French composer and pianist, Pierre Sancan, is largely a forgotten figure of the mid-twentieth century. Despite writing several large and small works during his life, it is only his Sonatine for Flute and Piano that maintains a consistent spot in the repertoire. The Sonatine was composed as the test piece for the Paris Conservatoire in 1946. This commission precedes Sancan’s tenure as piano professor and is dedicated to his future colleague flute professor Gaston Crunelle. The Sonatine is a more modern take on the typical two-part, slow-fast, test piece genre of the Paris Conservatoire. Written as one continuous movement, it can be divided into three smaller mini-movements in the typical pattern: fast-slow-fast. Sections are separated by cadenzas that transition into the movement that follows. The first and second movements are linked by a short piano cadenza based on the opposition of whole steps and half steps, while the second movement moves into the third through an extended flute cadenza. The flute cadenza finishes with the introduction of the third movement’s motive through slowly accelerating into the final Animé tempo. Keeping in the tradition of this genre, the initial melody reappears before quickly returning to the flourish of notes that ends the piece.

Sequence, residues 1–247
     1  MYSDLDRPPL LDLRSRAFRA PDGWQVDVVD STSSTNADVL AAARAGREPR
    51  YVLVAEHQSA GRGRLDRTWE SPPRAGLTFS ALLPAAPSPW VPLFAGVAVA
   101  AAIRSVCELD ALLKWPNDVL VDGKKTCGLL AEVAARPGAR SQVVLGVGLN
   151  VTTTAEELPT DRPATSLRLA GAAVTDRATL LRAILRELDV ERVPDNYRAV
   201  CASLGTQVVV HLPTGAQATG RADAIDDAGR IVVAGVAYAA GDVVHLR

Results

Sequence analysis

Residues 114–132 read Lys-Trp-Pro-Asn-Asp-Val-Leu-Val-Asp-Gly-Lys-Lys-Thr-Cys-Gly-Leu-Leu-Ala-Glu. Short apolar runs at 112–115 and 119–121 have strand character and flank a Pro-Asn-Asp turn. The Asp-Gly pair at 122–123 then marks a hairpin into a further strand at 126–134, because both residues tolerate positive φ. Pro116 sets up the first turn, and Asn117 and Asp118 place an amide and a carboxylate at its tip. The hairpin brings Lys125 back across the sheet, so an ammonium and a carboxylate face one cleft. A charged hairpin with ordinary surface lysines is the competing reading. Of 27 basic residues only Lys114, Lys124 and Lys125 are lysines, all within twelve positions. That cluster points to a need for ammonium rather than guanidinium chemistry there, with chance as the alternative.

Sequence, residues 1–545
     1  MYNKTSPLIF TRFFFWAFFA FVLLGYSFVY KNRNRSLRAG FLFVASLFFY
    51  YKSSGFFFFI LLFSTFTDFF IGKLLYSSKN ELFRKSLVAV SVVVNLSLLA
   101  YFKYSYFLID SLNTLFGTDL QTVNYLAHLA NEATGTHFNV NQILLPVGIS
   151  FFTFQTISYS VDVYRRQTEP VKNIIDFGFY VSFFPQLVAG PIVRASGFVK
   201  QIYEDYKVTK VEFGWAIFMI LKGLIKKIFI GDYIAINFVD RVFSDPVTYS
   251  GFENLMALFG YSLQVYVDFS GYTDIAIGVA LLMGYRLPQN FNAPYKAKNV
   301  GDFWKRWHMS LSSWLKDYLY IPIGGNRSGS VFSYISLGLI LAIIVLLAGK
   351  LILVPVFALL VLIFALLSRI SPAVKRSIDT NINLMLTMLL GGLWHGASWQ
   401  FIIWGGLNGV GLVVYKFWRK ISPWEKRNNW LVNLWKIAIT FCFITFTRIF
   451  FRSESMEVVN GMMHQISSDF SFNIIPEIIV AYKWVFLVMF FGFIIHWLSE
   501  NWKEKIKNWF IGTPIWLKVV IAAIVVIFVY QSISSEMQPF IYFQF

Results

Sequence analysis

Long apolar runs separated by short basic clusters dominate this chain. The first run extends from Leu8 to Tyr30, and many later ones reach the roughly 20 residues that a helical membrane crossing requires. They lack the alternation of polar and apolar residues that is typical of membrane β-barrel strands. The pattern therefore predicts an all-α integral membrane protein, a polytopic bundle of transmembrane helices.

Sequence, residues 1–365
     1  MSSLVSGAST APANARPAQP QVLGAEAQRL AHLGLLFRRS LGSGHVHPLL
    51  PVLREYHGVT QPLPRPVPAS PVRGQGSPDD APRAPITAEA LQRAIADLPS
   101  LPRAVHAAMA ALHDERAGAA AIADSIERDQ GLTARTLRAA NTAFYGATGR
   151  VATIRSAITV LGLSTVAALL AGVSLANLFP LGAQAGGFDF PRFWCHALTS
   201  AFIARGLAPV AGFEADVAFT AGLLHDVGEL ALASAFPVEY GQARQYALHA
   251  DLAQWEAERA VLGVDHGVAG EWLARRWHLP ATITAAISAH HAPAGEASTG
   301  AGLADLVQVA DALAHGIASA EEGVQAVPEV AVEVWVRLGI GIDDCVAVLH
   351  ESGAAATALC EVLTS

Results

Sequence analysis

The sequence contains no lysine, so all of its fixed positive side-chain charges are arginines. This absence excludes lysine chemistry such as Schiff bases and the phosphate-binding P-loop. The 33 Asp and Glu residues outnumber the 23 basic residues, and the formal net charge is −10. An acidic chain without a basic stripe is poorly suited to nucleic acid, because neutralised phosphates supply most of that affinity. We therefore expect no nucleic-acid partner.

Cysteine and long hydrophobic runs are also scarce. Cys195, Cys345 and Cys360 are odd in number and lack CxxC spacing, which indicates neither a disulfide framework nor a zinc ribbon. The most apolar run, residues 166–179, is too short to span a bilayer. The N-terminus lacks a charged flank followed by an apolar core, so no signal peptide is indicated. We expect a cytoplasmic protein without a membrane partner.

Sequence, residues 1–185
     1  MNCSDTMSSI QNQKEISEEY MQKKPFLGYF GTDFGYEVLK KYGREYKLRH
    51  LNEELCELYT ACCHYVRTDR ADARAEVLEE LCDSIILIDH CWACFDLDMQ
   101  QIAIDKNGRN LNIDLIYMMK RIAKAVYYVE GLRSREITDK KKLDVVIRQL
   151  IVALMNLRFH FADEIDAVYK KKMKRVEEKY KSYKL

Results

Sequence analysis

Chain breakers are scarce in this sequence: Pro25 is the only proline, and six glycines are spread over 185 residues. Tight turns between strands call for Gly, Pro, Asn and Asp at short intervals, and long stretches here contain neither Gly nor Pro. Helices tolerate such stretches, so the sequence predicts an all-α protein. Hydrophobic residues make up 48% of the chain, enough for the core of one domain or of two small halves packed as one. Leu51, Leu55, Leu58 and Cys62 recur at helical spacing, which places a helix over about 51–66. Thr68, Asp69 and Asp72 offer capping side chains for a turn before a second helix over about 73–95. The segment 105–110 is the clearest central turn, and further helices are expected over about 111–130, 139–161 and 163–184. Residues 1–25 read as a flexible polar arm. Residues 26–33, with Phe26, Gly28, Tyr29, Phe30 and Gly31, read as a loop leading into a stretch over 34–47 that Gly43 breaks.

I had the opportunity to meet Katie during my doctoral studies at UNL and was immediately impressed with her playing ability and her warm and supportive personality. After a few passing conversations about the possibility of doing a project together, this past summer (2015) we got together for frozen yogurt and made it happen! When planning this piece, Katie made a point to tell me that her favorite time of year was autumn. I have long used nature and imagery as inspiration for my music, so this certainly appealed to me. I thought about my personal feelings about autumn...there is intense beauty, but it is also marred by gloom and death....spectacular color against a blanket of gray. This thought guided me to write a piece spun out as an instrumental "song" sung to a lover, longing to be close to their loved one, but, despite much effort, they remain separated in this season of beauty and gloom. Autumn Serenade was commissioned by and is gratefully dedicated to my friend Katie Rice.